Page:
So, you decided to sell your house? Before even thinking about pricing, the first thing to consider is curb appeal, followed by … a sharp-looking garage? Absolutely true, says Brian Carlin of Nebraska Realty, the second-largest Omaha brokerage with over 425 licensed agents.
“Putting your home on the market is a bit like dressing up in your Sunday best. But don’t forget the garage. An organized and clean garage is the true measure of a well-kept home, and not just for the purpose of a sale,” said Brian, a 14-year Omaha-area home-sales veteran who holds a contractor’s license and the Realtor designation as a Certified Residential Specialist.
Fellow Nebraska Realty agent Dave Maloy chimed in: “I wouldn’t be quite as strict as Brian on the garage presentation. I’ve told clients to utilize their garage as a staging/storage area while their house is for sale. Buyers understand what people are facing and what it takes to sell a house, especially buyers selling houses themselves. But, to agree with Brian, that garage usage does need to be orderly.”
Dave noted: “The most important task, though, which isn’t as common-sense as you would conclude, is to deeply clean the home before buyers walk through. A couple hundred bucks spent on professional cleaning will go further than thousands spent on staging. Neutralize offensive odors – don’t cover them up with ‘fresh-baked-cookie’ or body-spray air-freshener smells – by cleaning the home. If you aren’t good at cleaning, admit it – don’t skimp and save $200 on one of the most important financial transactions you will make.”
Brian couldn’t agree more with Dave on the cleaning and added: “The most often overlooked areas of a home during the big spring clean are ceiling fan blades and HVAC cold air return vents. Apparently, everybody forgets to look up while they clean. Cold air return vents sometimes located on walls near ceiling and ceiling fan blades collect a ton of dust during the winter months.”
Nebraska Realty agent Molly Amick offered her tack: “I always advise sellers to depersonalize the setting so potential buyers can fall in love with the house instead of trying to figure out the residents’ story with pictures, medications and mail on the counters, children’s items and more. Those things can give pointed information about why people are moving or how motivated they are. I also tell people instead of decluttering, ‘get packing!’ Every horizontal service should be clean and free of accessories, pictures, knick-knacks and things you don’t use every day. In fact, everyday items should be put in drawers. Sellers will be so amazed how beautiful their home and listing photos look that they may decide not to move!”
Nebraska Realty agent Deda Myhre added: “I always ask my sellers to clear out closets, under sinks or any storage areas and then organize them to make the spaces appear as big as possible. Fold and stack towels, and organize smaller items in inexpensive baskets for the biggest impact.”
Furthermore, the Nebraska Realty agents agreed: “Repairs, absolutely yes (never leave a repair project unfinished). Improvements, not so much,” pointing out sellers shouldn’t get carried away with improvements. Most important are getting the house on the market quickly and then being sensitive to prospective buyers’ feedback to guide the most needed improvements. Sellers also may offer to negotiate credit and let the buyer decide where to spend money.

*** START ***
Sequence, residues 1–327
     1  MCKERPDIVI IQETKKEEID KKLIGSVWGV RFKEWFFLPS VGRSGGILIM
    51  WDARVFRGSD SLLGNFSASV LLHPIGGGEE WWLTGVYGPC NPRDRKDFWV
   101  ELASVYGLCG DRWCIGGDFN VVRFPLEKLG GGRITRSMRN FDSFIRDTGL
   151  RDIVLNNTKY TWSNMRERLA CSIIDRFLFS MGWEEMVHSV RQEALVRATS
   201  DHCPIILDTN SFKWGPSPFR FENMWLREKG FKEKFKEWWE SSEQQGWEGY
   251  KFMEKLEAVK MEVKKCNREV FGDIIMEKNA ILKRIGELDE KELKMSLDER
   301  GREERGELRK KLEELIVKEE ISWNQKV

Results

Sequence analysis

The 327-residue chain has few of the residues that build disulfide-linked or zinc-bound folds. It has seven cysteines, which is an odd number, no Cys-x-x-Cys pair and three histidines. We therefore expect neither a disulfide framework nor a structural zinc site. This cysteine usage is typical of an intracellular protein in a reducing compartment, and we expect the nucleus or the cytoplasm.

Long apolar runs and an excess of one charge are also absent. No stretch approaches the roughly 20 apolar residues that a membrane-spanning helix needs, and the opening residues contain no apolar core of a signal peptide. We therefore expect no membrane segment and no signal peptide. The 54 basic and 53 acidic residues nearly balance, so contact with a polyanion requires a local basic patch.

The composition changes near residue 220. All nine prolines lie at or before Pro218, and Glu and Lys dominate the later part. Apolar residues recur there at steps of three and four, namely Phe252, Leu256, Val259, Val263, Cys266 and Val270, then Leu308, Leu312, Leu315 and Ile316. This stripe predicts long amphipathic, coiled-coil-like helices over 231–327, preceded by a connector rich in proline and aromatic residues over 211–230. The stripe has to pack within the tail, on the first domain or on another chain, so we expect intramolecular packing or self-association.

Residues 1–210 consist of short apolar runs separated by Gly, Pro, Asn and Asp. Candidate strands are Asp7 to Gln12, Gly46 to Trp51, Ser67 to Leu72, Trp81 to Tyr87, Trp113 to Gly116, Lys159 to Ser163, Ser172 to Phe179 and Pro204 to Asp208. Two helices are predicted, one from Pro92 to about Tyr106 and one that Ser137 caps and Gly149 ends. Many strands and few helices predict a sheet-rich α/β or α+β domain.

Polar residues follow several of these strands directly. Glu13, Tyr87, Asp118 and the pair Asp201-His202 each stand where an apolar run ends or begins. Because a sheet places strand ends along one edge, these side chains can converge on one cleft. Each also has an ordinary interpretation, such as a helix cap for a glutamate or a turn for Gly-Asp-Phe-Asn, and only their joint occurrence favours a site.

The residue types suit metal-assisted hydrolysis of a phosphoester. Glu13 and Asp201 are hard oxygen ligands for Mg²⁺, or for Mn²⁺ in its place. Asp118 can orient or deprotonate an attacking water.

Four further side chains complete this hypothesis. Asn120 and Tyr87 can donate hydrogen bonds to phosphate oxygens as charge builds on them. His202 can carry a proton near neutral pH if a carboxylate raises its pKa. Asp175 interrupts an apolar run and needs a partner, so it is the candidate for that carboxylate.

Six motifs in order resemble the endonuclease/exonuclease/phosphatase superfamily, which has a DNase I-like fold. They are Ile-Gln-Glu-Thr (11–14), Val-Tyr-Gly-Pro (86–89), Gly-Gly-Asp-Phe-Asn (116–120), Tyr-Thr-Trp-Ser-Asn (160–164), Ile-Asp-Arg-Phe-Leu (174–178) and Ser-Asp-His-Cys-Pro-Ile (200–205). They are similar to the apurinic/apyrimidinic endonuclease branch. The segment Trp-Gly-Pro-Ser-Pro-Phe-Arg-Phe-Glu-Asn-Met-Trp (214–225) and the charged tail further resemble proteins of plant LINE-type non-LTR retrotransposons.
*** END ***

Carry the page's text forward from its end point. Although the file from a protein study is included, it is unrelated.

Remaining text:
Among other advice to consider:
- To improve the curb appeal, consider new paint, replace rotting wood or add landscaping mulch. Don’t forget to sweep the entry or porch and knock down any cobwebs.
- Don’t replace the carpet, clean it. The new owner might want flooring and would possibly rip out new carpet anyway. Consider giving a carpet or flooring allowance.
- Update or replace electrical items such as ceiling fans. Have electrical panels checked for replacement, especially Federal Pacific or Zinsco panels.
- Paint or remove old wallpaper as needed, and opt for neutral colors.
- Roof replacement. It is the most common repair on a deferred maintenance list, and a repair that is one of the highest concerns for a lender, insurance company or buyer.
- Small details: Use door stoppers to protect walls; move furniture that may be hit by a door opened too quickly or fully.
Finally, get an inspection from a professional who is certified by American Society of Home Inspectors and make the recommended repairs yourself or hire a handyman. If the buyer hires an inspector, things could get far more expensive because they will dictate using licensed professionals who will have to warranty the work.
To learn how Nebraska Realty helps in the home-buying process, check out: https://www.nebraskarealty.com/buyers/home-buying-process.aspx. See why working with Nebraska Realty is different: https://www.nebraskarealty.com/buyers/faq-buying-selling-home.aspx.
For additional information, contact Nebraska Realty at https://www.nebraskarealty.com/ or reach any agent at https://www.nebraskarealty.com/agents/ or call (402) 491-0100. The Nebraska Realty Building is located at 17117 Burt Street, Omaha, NE 68118, north of the Village Pointe Shopping Center.